In the News: It’s All in the Eyes—How Marketers Use Eye Contact to Draw in Consumers

April 11, 2014

Cap'n Crunch Berries cereal in milk.We all know their names: Trix the Rabbit. Tony the Tiger. Lucky the Leprechaun. They’re the colourful cartoon mascots that adorn the boxes of brand name cereals marketed specifically to children. But what is it about them exactly that makes them so appealing? According to a recent study, when it comes to the supermarket aisle, it’s all about the eyes.

The two-part study, conducted by researchers at the Cornell University Food and Brand Lab, looked at the way in which the eyes of cereal box characters are drawn—specifically, the angle of their gaze. They examined 86 different cereal box characters in 10 grocery stores, measuring the angle of their gaze from 4 feet away—the standard distance from which people stand in a grocery store. They found that cereal boxes marketed to children were typically found on the bottom two shelves and that the characters on these boxes had a downward gaze at an angle of about 9.6 degrees. Likewise, cereals marketed towards adults were found at about mid-shelf level and characters on those boxes had a gaze directed straight ahead. In other words, cereal box characters are drawn specifically to make eye contact with their targeted audience.

In the second part of the study, the researchers wanted to determine the extent to which such eye contact influences people’s feelings of trust and connection toward a brand. To achieve this, they presented 63 adults with either one of two different versions of a Trix cereal box: one with the rabbit looking straight at them, the other with the rabbit looking down. The results showed that those who were shown the rabbit looking at them reported 16% higher levels of trust and 28% higher feelings of connection towards the Trix brand than those who were shown the rabbit looking down.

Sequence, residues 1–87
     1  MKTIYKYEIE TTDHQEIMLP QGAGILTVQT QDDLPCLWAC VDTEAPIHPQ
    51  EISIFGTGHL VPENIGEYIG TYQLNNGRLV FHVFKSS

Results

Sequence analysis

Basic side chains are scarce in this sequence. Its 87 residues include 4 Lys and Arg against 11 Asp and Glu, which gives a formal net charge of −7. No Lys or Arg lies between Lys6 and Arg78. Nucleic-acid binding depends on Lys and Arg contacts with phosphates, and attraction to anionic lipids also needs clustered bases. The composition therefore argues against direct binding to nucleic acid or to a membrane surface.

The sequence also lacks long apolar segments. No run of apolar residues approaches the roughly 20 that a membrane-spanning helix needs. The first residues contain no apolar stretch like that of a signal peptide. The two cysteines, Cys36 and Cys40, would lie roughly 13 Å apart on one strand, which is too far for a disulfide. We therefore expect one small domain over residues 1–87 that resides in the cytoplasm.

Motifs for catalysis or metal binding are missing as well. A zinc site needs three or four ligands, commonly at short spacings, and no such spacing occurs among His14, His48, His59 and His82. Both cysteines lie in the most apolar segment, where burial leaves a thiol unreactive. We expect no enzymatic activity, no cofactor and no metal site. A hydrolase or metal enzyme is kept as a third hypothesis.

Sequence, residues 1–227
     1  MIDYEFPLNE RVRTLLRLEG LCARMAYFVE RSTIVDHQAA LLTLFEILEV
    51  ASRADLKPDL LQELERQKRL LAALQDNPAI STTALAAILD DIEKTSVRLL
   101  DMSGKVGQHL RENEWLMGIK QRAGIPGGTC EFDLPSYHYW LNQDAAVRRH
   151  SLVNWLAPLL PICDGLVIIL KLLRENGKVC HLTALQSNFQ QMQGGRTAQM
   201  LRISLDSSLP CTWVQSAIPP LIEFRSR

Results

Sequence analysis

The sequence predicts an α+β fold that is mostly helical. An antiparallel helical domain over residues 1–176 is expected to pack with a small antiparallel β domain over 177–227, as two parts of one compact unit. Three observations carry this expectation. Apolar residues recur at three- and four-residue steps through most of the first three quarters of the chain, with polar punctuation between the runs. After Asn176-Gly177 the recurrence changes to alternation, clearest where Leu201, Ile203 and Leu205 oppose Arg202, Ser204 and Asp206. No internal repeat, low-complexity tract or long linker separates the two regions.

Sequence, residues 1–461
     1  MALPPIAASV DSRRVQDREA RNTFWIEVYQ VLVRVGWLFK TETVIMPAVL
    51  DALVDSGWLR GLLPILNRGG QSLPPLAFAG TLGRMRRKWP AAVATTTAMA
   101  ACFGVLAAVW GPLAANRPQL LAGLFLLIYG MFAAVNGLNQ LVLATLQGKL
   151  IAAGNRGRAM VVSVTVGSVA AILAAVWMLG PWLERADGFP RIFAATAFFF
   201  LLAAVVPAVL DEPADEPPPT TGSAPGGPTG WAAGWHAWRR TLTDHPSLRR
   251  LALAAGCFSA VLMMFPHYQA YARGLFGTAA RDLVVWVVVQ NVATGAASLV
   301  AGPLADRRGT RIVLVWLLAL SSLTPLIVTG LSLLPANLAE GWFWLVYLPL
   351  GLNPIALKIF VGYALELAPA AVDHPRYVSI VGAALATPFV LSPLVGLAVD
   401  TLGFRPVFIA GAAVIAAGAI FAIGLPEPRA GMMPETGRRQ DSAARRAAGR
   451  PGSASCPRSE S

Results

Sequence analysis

The implications of this study, of course, are that if these characters can elicit positive feelings in people toward a brand, this may in turn increase the likelihood that people will buy that brand’s products. Such is the power of marketing: By tapping into innate aspects of human psychology—in this case, our tendency to trust someone who is looking us straight in the eye as opposed to looking down—marketers can employ simple triggers we are not even consciously aware of to get us to buy their products.

This may invoke a sense of unease as one thinks of being manipulated by profit-hungry corporations; however, it is important to remember that marketing is not inherently good or bad. The psychological tactics revealed in this study can be used to encourage people to buy foods that are good for them as equally as it can for those that are not.

If you want to read more about marketing foods to children, UTP Journals has two great articles by Charlene Elliott, published in Canadian Public Policy:

In “Marketing Fun Foods: A Profile and Analysis of Supermarket Food Messages Targeted at Children” (CPP 34.2), Elliott provides a content analysis of “fun” foods marketed to children and argues that policy makers need to focus more on the messages targeted to children in the supermarket.

In “Packaging Health: Examining “Better-for-You” Foods Targeted at Children” (CPP 38.2), Elliott examines 354 supermarket foods targeted at children in Canada, assessing nutritional quality and marketing approaches of “better-for-you” packaged foods compared to regular food.

What are your thoughts on how food is marketed to children? Tweet us @utpjournals

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